One of the most popular BMW models of recent times is the F30 generation of the BMW 3 Series, which came with a variety of different powertrains over its near-decade production run. Locally the F30 was offered as a 316i, 318i, 320i, 320d, 328i, and 335i for the pre-facelift variants and was later streamlined to the 320i, 330i, and 330e for the post-facelift model.
Among all of these variants, however, there has been one that has stood head and shoulders above the rest for its sheer popularity, and that’s the BMW 330e. A strong reason for its success is owed to aggressive hybrid or energy-efficient vehicle incentives offered by the Malaysian government at the time, which in turn made it a highly competitive mid-sized luxury sedan.
The specific variant of the BMW 330e we’re looking at today is the M Sport, which was the higher of the two trim levels offered and went on sale officially at the start of 2017 for an official retail price of RM 258,800. However, according to our data, there were significant price reductions at the time due to deals and offers which resulted in an average selling price of RM 220,799.98.
Here’s the breakdown:
Vehicle variant: BMW 330e M Sport sold new in 2017
The 330e M Sport was one of the most popular variants of the F30 generation BMW 3 Series thanks to the excellent value it provided as a high-performance hybrid sedan. For this comparison, the depreciation is calculated based on the average selling price when new of RM 220,799.98 (vs list price of RM 258,800)
2017 BMW 330e M Sport (F30)
As often is the case with buying pre-owned cars, you can avoid big hits in depreciation with the trade-off being that you don’t get that brand-new car smell. That being said, you can be even more clever with the age of the car you choose as depreciation doesn’t tend to be as linear as you’d expect.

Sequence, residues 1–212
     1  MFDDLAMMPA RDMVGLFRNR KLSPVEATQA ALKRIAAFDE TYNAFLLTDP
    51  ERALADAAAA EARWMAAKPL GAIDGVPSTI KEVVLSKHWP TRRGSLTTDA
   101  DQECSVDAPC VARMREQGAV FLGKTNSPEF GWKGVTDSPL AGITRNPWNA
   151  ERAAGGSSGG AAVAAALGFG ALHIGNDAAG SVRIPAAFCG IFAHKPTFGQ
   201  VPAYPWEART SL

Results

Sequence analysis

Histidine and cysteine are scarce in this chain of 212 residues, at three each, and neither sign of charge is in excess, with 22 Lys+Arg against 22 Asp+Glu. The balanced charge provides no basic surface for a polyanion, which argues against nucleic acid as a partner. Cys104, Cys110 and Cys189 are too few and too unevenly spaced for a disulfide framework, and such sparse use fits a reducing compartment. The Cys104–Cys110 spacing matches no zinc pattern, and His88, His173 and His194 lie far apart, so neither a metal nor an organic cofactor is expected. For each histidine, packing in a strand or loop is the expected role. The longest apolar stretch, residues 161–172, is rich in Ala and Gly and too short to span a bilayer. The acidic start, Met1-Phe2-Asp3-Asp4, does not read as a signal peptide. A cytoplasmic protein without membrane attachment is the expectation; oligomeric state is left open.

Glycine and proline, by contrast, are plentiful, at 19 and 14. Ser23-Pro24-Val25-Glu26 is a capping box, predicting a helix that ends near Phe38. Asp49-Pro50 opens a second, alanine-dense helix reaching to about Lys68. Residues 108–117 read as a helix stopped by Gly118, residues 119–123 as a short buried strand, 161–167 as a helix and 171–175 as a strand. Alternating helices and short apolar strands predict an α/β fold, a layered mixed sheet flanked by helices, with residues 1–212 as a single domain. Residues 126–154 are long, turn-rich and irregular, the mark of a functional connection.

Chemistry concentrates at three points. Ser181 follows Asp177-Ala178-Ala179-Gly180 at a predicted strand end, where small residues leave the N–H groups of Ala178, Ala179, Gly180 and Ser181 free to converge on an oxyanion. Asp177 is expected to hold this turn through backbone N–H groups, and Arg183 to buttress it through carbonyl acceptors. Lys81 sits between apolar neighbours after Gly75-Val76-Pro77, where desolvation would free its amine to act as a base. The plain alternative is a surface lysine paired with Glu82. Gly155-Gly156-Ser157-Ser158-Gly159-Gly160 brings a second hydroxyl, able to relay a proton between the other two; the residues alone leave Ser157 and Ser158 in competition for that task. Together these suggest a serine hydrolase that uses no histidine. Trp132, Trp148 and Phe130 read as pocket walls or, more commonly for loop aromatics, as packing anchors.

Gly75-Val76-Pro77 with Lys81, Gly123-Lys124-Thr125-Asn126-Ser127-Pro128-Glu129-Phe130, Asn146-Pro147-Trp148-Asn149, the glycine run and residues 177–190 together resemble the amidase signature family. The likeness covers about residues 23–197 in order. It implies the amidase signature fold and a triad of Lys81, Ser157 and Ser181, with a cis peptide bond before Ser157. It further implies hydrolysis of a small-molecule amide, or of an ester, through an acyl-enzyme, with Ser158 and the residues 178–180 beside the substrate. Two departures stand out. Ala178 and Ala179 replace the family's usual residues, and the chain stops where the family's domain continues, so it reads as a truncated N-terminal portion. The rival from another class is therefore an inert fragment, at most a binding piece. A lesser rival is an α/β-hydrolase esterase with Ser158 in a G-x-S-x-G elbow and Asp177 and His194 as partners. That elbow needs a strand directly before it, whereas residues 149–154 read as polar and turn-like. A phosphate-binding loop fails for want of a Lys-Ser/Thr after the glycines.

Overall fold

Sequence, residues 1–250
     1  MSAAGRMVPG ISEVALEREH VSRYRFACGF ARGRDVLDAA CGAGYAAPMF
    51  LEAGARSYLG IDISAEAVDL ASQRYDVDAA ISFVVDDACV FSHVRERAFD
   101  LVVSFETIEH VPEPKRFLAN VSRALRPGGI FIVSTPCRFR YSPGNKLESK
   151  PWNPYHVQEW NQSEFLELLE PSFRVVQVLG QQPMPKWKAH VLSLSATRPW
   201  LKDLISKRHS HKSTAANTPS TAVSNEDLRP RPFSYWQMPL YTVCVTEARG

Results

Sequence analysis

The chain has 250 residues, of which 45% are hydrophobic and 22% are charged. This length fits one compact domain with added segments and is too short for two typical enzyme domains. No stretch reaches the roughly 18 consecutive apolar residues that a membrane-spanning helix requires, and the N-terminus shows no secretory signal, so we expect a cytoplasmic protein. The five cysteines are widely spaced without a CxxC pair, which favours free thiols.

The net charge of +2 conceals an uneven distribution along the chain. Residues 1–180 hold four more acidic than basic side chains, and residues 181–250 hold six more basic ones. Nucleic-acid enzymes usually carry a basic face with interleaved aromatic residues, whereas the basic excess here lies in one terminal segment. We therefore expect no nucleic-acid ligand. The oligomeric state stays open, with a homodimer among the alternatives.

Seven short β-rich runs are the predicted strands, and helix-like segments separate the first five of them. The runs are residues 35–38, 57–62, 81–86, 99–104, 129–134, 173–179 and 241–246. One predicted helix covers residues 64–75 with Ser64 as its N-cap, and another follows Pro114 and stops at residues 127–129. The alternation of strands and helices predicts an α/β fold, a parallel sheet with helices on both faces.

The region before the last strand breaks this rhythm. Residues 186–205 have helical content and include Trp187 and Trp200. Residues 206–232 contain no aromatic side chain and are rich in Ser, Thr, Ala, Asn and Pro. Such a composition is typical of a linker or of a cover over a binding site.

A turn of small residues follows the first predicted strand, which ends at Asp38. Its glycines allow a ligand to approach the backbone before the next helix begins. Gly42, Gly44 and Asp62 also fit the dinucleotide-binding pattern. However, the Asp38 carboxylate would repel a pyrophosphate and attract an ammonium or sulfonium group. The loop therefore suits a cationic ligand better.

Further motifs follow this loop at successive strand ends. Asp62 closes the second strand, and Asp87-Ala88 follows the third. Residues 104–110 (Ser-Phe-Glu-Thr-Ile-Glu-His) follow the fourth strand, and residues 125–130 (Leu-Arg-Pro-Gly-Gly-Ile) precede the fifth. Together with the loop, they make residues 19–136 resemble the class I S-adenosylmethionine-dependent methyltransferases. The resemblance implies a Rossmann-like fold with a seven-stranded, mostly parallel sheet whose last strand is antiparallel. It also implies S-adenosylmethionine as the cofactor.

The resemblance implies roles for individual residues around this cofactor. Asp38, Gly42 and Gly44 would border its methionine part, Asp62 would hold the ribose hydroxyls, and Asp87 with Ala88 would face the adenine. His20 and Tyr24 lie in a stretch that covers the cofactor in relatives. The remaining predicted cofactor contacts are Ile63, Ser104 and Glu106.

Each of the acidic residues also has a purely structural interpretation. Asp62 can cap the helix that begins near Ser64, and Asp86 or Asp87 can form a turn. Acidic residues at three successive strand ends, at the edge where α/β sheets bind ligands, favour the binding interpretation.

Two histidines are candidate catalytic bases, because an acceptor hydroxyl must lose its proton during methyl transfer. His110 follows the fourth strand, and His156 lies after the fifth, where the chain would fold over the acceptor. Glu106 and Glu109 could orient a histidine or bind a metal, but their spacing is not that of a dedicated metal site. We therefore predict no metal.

In the graph below, you can see that in the first year or so, the depreciation isn’t particularly wild for the BMW 330e. Part of this is because many units were sold as pre-owned and were technically already one year old on paper, which in turn influenced their values. This is also why the second year of ownership sees a much larger hit in depreciation.
Beyond the second year, the depreciation tapers off quite significantly, and between the fourth and fifth year you see a 1.69% drop in car value. However, take this with a grain of salt, as used car market prices are currently holding extremely strong. Due to the significantly long wait times that usually come with new cars, the value of used cars have increased in response to the recent higher demand
There is also the coincidental fact that 2019 (the second year of depreciation for the 330e M Sport) was the year that the G20 3 Series was launched, succeeding the F30 3 Series outright. Even so, depreciation for the F30 tapers off fairly significantly after this launch year which indicates strong holding power.
This is even more impressive when you consider the fact that the 330e is a plug-in hybrid model, which means that it has to deal with the Malaysian market’s apprehension towards hybrid vehicles due to fears of maintenance issues and running costs.
With all of this data in mind, the best time to pick up a 330e M Sport would be in the third year of depreciation, and it would be fine to keep it even beyond the fifth year of depreciation as there doesn’t seem to be a significant increase or change in depreciation at that point. That being said, bear in mind that BMW’s plug-in hybrid electric vehicle battery warranty programmes span 8 years or 160,000 kilometres, so you may not want to fly too close to the sun before you sell your 330e M Sport on as the next buyer may take this into consideration.
For some great deals on the BMW 330e M Sport (F30), click here.
If you’re looking to sell your car, we have a solution for you too. Trade-in your car with carsome.my and get up to a RM1,000 discount voucher for your next upgrade